Outdoor Weber contest takes flight

Raymond Lucas

When Weber State University announced that there was a chance to win $45,000 through Weber Campus Recreation, students who participated in extreme sports began to research and create pitches. The $45,000 would not be rewarded by draw or raffle but through a contest named Outdoor Weber. It was focused on outdoor out-reach and was a pitch competition for business ideas.

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Breanna and William Davis took first place with their product COMM. (Kelly Watkins / The Signpost)

There were $75,000 worth of prizes given out by the end of the night. The main requirement was that a team director had to be a university student who is enrolled in at least six credit hours during the 2019 spring semester.

Aside from the grand prize for first place, second place was to be rewarded $20,000 and third place was to be rewarded $10,000.

Contestants were able to submit their ideas through video from Jan. 14 to Jan. 30. A few days later, voting was underway.

From Feb. 1 to Feb. 15, contestant videos were being voted upon. 10 days later, finalists were alerted. On March 20, a three-day competition began to determine the winner of Outdoor Weber.

Longtime journalist Steve Hawk traveled to Ogden to speak to contestants and anyone who had interest in Outdoor Weber.

As the brother of professional skateboarder Tony Hawk, he used his life story to inspire students to continue to follow their dreams, even if there was no money attached to it.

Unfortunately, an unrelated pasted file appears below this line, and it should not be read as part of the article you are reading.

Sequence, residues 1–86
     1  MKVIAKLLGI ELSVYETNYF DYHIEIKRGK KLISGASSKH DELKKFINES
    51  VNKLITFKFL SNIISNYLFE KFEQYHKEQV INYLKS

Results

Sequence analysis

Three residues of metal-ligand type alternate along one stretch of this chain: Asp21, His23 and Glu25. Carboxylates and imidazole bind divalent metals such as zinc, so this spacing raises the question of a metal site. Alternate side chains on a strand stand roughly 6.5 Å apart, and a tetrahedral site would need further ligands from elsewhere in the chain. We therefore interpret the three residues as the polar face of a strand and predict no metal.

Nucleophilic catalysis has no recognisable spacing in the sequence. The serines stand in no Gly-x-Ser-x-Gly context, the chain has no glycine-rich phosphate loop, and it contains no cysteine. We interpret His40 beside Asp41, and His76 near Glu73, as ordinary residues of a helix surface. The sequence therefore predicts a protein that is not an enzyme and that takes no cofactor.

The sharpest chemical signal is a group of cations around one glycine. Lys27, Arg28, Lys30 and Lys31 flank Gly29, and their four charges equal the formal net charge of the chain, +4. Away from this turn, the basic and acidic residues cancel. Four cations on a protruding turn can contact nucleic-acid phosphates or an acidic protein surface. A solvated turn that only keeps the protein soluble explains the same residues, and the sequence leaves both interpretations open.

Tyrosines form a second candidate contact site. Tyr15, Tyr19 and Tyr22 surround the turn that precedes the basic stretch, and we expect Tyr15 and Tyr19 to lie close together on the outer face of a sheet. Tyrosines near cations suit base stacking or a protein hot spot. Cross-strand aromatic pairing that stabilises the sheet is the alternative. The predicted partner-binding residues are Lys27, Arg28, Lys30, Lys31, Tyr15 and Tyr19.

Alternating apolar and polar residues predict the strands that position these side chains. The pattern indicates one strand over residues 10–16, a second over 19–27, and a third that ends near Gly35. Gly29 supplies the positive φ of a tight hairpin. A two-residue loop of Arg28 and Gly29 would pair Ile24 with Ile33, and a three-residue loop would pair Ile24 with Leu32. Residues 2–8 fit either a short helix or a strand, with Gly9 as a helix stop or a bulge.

“Tony certainly did that and went on to become of the most famous athletes of his generation,” Hawk said.

Later in the night, guest speaker Ryan Holiday got on stage and gave a presentation that had the attention of everyone.

Holiday is a writer and entrepreneur who dropped out of college at 19 to chase his dreams. He spoke about building a brand and all the steps it takes to get to where one wishes.

Hawk then read off the three winners of the prize money.

In third place was Jamie Milstein from Tulane University who was unavailable for comment.

In second place was Jason Glenn from Brigham Young University. Glenn’s business pitch was spring-loaded snowboard straps, and he wanted to make strapping in and out of a snowboard less of a hassle.

“For a snowboarder, every time they get on the lift, they have to unstrap one of their feet. Then when they get to the top of the lift, they have to find their way to a spot that’s out of the way,” Glenn said. “They have to sit down, reach down, move the straps, place their foot, hold the straps back, strap it up, stand up and then they can go. They do this like 15 times a day, and it’s tiring.”

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Third place winner Jamie Milstein explains her product. (Kelly Watkins / The Signpost)

Glenn’s idea landed him $20,000 and the chance to make snowboarding a little less difficult.

The first place winners were Brenna and William Davis. They are both students from BYU and their idea was based on communication. The inspiration for their product was an unusual one.

“I almost died a couple times. I was stuck in a plateau in Utah for 13 hours. I had no food and couldn’t get off,” William Davis said. “My buddy who was more experienced repelled off. In the situation, I just had to follow him, and he was yelling stuff, but I was thinking, ‘Hopefully it’s safe.’ The rope was 10 feet short, and I had to fall off it on gravel that goes off another cliff, and he just had to catch me.”

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Brad Mortenson makes opening remarks at Outdoor Weber. (Kelly Watkins / The Signpost)

They wanted to make a device that makes it easy to communicate in these emergency situations and the judges rewarded them with $45,000 to help make it eventually try and make it happen.

Savannah Goodall from Ogden Peak Communication enjoyed working the event.

“I thought it was successful and exciting. I was able to network with Steve Hawk while getting my hands dirty with real life public relations tasks and experiences,” Goodall said.